"5:15 p.m. Dropping the kid off at college," the text declares. "5:17 p.m. What kid?"

There are no authoritative data showing how marketing dollars are divided among age groups, according to ACNielsen. But a recent conference on marketing to boomers, sponsored by advertising agency J. Walter Thompson, was packed to standing room. Companies in the auto industry and other fields that historically have been aloof to aging consumers were well represented.

"Everybody all of a sudden feels like they need to get a boomer strategy," said Lori Bitter, a partner at the agency's mature market group.

Ski areas, having seen the data showing that 31% of skiers are over 45, are smoothing more slopes to make them friendlier to aging knees as well as putting on wine tastings and other events to win a mature crowd.

"These people represent a large portion of our business and a very important part of our business," said Christine Horvath of Squaw Valley USA.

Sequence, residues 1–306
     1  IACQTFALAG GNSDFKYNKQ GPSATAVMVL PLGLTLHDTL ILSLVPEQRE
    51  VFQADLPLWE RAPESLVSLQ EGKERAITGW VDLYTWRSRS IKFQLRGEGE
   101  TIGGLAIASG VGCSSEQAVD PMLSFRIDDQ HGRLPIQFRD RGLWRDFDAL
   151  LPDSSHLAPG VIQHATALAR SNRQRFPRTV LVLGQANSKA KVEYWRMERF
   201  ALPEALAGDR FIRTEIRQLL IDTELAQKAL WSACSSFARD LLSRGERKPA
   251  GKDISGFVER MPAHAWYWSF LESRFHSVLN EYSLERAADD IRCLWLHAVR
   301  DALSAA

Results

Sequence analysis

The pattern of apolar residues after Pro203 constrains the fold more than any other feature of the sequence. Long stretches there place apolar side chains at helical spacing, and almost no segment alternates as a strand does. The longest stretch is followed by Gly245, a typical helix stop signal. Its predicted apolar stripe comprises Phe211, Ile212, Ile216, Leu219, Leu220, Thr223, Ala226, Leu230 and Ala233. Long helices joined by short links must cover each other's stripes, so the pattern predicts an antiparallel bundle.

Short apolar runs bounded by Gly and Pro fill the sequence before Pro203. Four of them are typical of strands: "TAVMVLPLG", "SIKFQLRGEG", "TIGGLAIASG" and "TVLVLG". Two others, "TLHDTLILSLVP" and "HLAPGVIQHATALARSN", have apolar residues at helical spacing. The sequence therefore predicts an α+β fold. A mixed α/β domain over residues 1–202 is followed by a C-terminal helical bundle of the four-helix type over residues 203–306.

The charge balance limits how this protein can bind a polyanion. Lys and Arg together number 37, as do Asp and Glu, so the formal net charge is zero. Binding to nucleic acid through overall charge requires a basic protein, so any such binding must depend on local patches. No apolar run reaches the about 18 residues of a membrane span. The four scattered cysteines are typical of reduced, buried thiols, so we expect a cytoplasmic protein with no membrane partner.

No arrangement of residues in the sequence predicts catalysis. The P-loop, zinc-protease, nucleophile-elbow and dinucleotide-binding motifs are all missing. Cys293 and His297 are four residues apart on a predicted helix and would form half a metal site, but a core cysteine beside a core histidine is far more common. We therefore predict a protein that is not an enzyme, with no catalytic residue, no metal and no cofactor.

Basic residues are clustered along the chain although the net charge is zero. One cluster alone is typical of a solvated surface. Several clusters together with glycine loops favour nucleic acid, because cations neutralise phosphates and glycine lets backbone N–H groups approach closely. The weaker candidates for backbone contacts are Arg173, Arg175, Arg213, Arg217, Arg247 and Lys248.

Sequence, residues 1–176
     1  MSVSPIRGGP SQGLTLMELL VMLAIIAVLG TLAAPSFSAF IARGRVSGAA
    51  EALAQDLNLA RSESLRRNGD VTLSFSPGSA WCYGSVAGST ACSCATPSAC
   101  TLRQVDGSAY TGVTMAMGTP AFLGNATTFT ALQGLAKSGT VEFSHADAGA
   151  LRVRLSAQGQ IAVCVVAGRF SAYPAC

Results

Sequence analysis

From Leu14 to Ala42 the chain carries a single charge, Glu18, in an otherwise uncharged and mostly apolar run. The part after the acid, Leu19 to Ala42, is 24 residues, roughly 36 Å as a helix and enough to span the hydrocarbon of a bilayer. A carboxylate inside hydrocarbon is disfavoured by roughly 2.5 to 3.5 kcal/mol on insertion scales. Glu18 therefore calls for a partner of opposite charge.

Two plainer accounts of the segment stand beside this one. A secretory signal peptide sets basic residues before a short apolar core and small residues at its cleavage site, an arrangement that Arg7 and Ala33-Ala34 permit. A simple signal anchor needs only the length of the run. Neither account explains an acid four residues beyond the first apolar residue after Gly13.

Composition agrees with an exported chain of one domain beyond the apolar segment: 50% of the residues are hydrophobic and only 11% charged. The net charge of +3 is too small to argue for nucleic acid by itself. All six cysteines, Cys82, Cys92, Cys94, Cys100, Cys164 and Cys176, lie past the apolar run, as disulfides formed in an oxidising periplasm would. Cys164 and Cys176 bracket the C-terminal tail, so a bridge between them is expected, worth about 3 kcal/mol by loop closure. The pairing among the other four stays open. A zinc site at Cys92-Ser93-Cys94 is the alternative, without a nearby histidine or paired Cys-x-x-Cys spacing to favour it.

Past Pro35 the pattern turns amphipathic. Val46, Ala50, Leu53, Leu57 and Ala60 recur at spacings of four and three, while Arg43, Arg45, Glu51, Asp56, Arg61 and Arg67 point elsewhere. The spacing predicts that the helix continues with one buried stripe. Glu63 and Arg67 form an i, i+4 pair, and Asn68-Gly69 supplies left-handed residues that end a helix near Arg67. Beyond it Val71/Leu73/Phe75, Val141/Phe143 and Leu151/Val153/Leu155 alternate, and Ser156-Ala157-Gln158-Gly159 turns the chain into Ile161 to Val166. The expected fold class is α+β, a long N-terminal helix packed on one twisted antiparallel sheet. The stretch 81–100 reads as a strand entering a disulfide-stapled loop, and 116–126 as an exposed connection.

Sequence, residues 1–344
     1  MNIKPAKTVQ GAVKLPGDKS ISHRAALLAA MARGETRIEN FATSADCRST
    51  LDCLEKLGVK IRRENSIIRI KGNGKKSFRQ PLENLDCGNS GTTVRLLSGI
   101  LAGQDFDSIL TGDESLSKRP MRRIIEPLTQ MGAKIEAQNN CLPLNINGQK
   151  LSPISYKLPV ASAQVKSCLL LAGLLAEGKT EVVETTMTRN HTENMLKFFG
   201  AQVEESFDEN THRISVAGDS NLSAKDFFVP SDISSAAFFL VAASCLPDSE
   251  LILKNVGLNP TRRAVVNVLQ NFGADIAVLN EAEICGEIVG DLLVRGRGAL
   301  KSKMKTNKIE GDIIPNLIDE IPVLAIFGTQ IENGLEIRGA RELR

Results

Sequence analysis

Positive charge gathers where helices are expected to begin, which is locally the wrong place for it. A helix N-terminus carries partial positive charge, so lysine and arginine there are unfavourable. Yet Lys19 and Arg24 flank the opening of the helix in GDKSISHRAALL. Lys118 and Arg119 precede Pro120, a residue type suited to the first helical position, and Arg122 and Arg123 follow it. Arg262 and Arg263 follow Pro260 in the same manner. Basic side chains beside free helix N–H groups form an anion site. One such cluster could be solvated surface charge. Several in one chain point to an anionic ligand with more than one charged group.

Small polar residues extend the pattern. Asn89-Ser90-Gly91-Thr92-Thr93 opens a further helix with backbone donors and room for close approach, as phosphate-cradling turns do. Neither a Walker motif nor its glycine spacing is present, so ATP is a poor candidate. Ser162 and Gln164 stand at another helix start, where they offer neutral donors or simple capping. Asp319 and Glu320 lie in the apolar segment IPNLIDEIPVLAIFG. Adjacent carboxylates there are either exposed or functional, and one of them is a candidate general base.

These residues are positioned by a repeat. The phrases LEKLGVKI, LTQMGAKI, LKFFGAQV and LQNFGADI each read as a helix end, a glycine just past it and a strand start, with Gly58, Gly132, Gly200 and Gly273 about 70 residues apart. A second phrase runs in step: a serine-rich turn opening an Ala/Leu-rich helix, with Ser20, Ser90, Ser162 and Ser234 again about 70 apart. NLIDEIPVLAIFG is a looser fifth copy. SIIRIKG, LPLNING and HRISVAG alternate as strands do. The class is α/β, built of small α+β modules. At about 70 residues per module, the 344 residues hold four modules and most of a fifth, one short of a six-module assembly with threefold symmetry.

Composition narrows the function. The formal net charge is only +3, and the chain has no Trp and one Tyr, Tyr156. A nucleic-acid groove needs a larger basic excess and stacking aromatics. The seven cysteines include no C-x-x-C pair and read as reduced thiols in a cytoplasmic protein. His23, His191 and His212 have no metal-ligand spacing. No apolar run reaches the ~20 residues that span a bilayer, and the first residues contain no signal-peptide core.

Nowhere is the contest for boomer cash more spirited than in the field of money management, where firms are chasing an estimated bonanza of $30 trillion as boomers retire from their jobs and look to transfer their 401(k) nest eggs and other savings into new investments.

On top of that, a giant intergenerational transfer of wealth is underway. Boomers are in the process of inheriting $8 trillion as their parents pass away, according to Paul G. Schervish, director of the Center on Wealth and Philanthropy at Boston College.

For investment companies, "the window of opportunity is now," said Salim Ramji, an analyst with consulting firm McKinsey & Co.